Over 70 members attended our 3rd Annual Meeting (again at Loch Leven Community Campus, Kinross), renewing friendships and meeting fellow beekeepers who shared their passion for the native honey bee. Andrew Abrahams and Dylan Elen were our guest speakers while Gavin Ramsay (SNHBS chair) gave the latest news on the Conservation Project and led the business meeting.
Cheviot Breeding members, joined by East Lothian, Edinburgh & Peebles beekeepers, met to learn more about the raising of queens, led by Kate Atchley.
A lovely sunny day greeted the eight participants of the Queen rearing course on the 7th June at Roxburgh in the Scottish Borders. After the initial meeting and greeting it was down to work. A quantity of young worker bees were required to make up mating nucs. Kate has a nifty way to get them off the super frames and into a bucket without too many escaping! [See header photo] Continue reading “Cheviot Breeding Group’s queen-rearing day with Kate Atchley”
SNHBS now has a fund to provide financial support for members’ breeding groups and some other activities.
The money came from the winding-up of Arnamurchan’s Amm project and the Sunart, Ardnamurchan, Moidart & Morvern Beekeepers Association. Hence, we call it The SAMMBA Fund. Continue reading “SAMMBA Fund – open for applications”
The North East of Scotland has a long history of beekeeping and a large number of active beekeepers organised into associations at local and regional level. In the 70s and into the 80s the so-called Aberdeenshire “Maud” strain of bee was discovered as having native bee characteristics and traits, and lineages from this strain were spread far and wide around Scotland. It seems appropriate therefore that the North East now has a group interested in the conservation and breeding of Apis mellifera mellifera.
Newbattle Bee Academy – 17 Nov 2018
First of all, a note about the Bee Academy at Newbattle Acdemy: what a wonderful place for a workshop. For those of you who haven’t visited, it’s a beautifully restored wooden hut, adjacent to the main college building, built for military purposes in the run up to WWII. It’s now a cosy space – helped by the huge, well stacked wood burner! – well equipped for events such as this and home to an impressive library of bee-related materials.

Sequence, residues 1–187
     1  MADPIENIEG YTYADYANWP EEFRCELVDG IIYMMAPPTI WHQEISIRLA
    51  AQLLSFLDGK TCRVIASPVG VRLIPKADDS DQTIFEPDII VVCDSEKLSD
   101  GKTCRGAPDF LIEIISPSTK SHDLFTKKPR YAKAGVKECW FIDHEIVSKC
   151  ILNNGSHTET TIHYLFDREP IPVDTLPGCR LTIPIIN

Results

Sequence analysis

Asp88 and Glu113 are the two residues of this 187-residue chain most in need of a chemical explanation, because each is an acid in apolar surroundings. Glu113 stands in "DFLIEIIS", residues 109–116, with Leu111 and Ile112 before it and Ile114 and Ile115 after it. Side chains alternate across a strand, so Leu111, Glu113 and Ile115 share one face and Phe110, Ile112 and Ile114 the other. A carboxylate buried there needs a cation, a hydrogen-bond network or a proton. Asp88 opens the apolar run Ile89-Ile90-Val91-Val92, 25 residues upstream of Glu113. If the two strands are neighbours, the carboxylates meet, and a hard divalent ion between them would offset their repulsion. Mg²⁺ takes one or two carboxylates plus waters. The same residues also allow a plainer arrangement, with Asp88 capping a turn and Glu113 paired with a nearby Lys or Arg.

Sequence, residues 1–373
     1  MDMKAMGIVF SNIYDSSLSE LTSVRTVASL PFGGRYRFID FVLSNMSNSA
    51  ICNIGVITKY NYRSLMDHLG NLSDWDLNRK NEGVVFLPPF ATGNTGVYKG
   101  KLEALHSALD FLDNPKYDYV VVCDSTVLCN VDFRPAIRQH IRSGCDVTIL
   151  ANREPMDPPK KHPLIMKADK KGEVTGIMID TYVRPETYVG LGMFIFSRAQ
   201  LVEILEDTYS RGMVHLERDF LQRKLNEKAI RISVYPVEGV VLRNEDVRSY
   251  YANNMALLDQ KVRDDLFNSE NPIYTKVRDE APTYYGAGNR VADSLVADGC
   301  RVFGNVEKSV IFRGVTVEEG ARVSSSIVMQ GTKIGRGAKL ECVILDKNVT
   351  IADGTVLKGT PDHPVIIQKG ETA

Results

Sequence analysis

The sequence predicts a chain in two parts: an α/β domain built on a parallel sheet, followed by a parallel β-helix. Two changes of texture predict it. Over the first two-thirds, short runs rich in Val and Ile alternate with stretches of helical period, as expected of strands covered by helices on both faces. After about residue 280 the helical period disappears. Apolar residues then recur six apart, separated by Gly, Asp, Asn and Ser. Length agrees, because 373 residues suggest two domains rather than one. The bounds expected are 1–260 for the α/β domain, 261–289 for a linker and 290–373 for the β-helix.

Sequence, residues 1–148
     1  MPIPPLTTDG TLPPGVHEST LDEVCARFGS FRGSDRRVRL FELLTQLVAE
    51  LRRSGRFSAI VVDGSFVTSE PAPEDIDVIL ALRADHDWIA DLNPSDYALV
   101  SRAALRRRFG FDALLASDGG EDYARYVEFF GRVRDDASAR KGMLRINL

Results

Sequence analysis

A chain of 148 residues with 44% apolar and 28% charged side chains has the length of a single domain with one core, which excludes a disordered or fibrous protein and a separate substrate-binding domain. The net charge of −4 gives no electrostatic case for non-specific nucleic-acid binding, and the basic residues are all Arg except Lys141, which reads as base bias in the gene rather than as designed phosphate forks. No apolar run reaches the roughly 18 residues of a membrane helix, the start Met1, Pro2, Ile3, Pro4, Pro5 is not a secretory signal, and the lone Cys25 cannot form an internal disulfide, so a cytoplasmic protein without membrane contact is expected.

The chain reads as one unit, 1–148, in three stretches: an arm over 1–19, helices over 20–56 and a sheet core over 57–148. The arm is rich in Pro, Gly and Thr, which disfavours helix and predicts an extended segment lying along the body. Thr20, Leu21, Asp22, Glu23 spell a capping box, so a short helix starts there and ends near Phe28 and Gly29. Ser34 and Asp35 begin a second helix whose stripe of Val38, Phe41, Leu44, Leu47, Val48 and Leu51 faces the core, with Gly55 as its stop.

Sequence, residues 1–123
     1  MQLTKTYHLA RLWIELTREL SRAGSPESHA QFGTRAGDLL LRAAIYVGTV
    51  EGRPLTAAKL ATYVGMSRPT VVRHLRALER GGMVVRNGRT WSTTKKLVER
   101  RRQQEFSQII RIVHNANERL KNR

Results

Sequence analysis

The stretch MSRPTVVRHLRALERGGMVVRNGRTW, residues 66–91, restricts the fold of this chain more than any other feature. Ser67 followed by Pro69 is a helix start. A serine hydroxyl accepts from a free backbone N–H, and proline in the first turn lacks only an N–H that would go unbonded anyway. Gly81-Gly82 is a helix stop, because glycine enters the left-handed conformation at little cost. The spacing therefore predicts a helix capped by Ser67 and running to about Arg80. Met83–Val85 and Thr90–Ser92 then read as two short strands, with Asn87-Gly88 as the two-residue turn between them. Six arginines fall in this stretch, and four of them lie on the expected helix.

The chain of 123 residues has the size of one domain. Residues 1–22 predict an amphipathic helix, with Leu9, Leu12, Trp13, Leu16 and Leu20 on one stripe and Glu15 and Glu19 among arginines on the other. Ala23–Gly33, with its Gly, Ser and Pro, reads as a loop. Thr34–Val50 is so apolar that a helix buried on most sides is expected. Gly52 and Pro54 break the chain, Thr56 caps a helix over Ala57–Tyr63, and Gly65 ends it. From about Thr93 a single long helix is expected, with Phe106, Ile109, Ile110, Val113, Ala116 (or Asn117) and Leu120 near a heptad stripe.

Queen rearing for SNHBS was initiated in May and interested people formed a very loose group in the North East of Scotland, with a good percentage of SNHBS members responding to a request to help out.
The Ardnamurchan Native Bee Project was wound down last year, partly due to my imminent move to the Scottish Borders and because of heavy colony losses. These losses were due largely to the scarcity of forage in an area which suffered two successive Summers so wet that the bees were hindered from foraging adequately.
Do you have dark native honey bees?
Do you think that you may have Scottish native honey bees? Are you interested in helping their recovery in Scotland? Would you like a chance to have them DNA tested?
We are seeking input from all beekeepers in Scotland to help find – and ultimately propagate – examples of the native honey bee. If your bees, or the bees of other local beekeepers you collaborate with, are dark brown without significant banding, then please consider submitting photos for our crack team of assessors to investigate. Scotland is divided into six regions with a local contact point (or Local Curator) who will guide you through the process. Click here for instructions on how to participate in the SNHBS Conservation Project.
Our annual meeting this year, held on the 17th March, saw 61 of our 181 strong membership join us at Kinross Community Campus to listen to speakers Per Kryger, Jon Getty and Ian Lennox and to participate in the afternoon’s business meeting of the Society. Thank you to all of you who managed to attend despite the dire weather forecast, and also to those of you who got in touch with well wishes for the day.
How do we identify native honey bees? This question is fundamental to everything we aim to do at SNHBS and members were invited along to the University of Aberdeen in November to get a handle on just this question. Forty-five attendees had a full day hands-on introduction to the basic features and traits of Apis mellifera mellifera and got to hear about really exciting new developments in DNA analysis that might be available to hobby beekeepers soon.